Monday, November 21, 2011

Still Looking


My journal entries got longer and more verbose as the days went by. It was to be expected I suppose, as I spent most of my days alone. It left me more time to think and hence write those thoughts down. After travelling with so many people, through so many places, it was kind of nice to be left to my own devices. But in truth, it kind of scared me too. With all those kilometers under my belt, I felt like I should have some kind of hold on the world by now. Instead, I still wondered what I wanted to be when I grew up. More importantly, I wondered what I would do with myself when I returned back home to Canada. The answer seemed no closer than when I had left home over nine months before.

I returned to the best way to avoid thinking about the present moment – through travel. I left Swakopmund behind and took in Windhoek and its sights. I visited the Alte Feste and learned a little more about Namibian history. A Natural History museum provided information about some of the local animals I would see if I were to explore the game parks in the area. Interesting, but I had no time left for game parks.All I had left was the opportunity to read about cheetahs, rhinos and some of the aboriginal cultures that existed in the area. My time was ticking now though and it was more about quantity over quality.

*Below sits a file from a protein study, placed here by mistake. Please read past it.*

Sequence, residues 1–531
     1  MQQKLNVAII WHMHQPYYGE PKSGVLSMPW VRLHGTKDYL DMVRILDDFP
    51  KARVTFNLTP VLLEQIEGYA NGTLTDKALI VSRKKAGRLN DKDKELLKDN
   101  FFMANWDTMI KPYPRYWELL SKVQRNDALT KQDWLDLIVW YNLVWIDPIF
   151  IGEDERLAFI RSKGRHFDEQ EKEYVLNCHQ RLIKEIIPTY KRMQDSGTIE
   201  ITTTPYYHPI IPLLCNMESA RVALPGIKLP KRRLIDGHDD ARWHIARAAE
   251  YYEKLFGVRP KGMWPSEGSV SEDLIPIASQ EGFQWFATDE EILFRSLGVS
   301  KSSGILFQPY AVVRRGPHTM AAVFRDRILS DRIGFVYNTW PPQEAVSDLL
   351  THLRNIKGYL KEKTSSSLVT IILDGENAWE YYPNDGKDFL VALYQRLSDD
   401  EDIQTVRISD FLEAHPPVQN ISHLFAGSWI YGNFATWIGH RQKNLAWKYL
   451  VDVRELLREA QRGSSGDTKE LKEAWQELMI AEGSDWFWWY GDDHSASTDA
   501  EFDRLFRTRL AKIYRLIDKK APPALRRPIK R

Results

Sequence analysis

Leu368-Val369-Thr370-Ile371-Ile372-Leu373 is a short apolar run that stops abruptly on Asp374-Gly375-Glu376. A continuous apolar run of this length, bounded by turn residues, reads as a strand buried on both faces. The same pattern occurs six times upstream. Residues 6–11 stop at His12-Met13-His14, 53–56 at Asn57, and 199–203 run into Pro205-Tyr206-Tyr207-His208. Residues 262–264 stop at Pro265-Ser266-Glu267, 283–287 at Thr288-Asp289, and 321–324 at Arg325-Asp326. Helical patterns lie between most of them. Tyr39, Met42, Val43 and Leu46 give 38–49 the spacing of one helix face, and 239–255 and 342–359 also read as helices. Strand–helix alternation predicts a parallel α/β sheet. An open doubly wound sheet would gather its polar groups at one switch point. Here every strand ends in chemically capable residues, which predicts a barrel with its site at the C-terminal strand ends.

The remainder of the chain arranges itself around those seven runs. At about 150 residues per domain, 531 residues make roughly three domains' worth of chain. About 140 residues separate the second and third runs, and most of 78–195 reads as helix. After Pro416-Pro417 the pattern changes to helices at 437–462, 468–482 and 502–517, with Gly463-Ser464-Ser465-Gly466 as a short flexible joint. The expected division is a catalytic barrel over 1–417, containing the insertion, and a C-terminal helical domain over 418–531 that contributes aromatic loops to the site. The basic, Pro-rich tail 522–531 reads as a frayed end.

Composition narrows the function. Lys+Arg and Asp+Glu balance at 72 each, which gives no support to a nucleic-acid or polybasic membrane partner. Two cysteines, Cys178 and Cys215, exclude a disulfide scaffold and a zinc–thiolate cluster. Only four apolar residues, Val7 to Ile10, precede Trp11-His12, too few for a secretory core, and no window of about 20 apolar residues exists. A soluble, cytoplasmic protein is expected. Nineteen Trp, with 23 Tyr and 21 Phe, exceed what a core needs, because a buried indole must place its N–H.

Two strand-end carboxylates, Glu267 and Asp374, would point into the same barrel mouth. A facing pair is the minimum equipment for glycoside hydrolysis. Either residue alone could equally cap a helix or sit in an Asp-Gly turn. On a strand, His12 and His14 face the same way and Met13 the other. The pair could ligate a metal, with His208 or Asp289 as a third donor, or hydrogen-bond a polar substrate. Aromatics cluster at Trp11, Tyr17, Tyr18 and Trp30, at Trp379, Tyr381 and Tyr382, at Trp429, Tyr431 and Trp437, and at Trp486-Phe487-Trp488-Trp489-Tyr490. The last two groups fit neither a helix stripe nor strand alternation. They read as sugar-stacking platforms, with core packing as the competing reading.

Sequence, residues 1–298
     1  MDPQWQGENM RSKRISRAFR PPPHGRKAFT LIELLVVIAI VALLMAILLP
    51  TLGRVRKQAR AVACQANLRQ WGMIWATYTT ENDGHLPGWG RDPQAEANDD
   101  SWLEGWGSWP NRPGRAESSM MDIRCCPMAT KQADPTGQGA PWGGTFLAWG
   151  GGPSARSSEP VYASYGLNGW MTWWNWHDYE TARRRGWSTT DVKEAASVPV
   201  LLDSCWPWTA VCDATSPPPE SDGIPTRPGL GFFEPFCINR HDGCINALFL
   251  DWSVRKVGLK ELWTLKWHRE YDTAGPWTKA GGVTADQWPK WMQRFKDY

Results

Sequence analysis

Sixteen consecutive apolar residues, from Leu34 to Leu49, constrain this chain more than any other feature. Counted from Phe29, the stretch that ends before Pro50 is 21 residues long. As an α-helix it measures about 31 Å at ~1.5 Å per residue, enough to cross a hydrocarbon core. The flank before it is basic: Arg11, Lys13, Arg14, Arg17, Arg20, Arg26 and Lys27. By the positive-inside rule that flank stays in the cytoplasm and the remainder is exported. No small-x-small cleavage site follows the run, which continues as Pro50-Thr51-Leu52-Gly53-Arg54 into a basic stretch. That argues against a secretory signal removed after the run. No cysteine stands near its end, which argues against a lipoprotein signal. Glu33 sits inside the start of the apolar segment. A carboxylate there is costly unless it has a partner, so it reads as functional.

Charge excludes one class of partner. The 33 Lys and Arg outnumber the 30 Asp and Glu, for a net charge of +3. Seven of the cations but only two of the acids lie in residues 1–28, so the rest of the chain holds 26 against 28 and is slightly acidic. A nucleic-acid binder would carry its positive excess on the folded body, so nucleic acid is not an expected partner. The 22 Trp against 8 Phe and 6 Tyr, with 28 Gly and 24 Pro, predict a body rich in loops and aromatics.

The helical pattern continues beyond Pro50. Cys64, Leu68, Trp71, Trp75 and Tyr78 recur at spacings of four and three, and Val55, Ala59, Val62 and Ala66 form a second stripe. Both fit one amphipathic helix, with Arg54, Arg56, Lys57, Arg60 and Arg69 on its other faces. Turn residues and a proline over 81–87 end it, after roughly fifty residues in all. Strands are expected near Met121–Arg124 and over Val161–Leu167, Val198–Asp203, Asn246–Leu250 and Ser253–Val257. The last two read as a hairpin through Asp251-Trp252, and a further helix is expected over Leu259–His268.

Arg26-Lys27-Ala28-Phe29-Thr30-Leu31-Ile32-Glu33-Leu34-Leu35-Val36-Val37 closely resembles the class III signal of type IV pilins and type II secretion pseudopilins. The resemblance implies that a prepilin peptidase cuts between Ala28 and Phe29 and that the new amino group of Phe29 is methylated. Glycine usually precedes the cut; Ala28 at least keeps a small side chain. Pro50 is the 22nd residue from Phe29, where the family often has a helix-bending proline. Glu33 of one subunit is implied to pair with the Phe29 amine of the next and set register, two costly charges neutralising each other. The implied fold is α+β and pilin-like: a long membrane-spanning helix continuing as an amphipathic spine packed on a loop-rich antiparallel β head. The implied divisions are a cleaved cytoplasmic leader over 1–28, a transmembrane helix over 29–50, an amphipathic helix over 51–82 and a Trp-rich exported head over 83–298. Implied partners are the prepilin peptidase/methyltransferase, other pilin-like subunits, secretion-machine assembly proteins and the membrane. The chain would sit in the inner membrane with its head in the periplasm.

From Windhoek, I boarded a train and blissfully watched the miles pass me by from the safety of its rocking compartment. It was the first time in my African excursion that I had the luxury of train travel, but the eleven hour journey left me a little less than impressed. Thankfully, it was an overnight trip, so at least a few of the hours slipped by unencumbered. Of course it also amounted to more time to ponder my fate, so when I arrived in Keetmanshoop my journal had a few more pages of notes added to it.

At this rate though, there would not be many more pages left to write. I had made it official. With a bittersweet heart, I changed my plane ticket for the last time. In a little over two weeks, I would fly out of Cape Town for Germany, then home. All that was left to do now was to get to Cape Town. Keetmanshoop deserved a cursory exploration, but as I debated what this arid town held to offer, I knew my heart was no longer in it. It was time to go home. 

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